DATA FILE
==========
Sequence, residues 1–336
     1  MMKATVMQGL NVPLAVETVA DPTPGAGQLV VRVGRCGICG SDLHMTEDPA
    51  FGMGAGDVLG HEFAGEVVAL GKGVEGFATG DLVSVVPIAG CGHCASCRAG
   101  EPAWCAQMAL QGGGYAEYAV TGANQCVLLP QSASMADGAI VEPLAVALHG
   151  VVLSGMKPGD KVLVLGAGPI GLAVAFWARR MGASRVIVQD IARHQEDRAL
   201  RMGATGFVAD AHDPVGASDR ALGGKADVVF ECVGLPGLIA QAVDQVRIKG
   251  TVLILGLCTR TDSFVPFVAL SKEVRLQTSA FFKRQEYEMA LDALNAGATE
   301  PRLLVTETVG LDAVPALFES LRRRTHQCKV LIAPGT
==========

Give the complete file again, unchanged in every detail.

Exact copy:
Sequence, residues 1–336
     1  MMKATVMQGL NVPLAVETVA DPTPGAGQLV VRVGRCGICG SDLHMTEDPA
    51  FGMGAGDVLG HEFAGEVVAL GKGVEGFATG DLVSVVPIAG CGHCASCRAG
   101  EPAWCAQMAL QGGGYAEYAV TGANQCVLLP QSASMADGAI VEPLAVALHG
   151  VVLSGMKPGD KVLVLGAGPI GLAVAFWARR MGASRVIVQD IARHQEDRAL
   201  RMGATGFVAD AHDPVGASDR ALGGKADVVF ECVGLPGLIA QAVDQVRIKG
   251  TVLILGLCTR TDSFVPFVAL SKEVRLQTSA FFKRQEYEMA LDALNAGATE
   301  PRLLVTETVG LDAVPALFES LRRRTHQCKV LIAPGT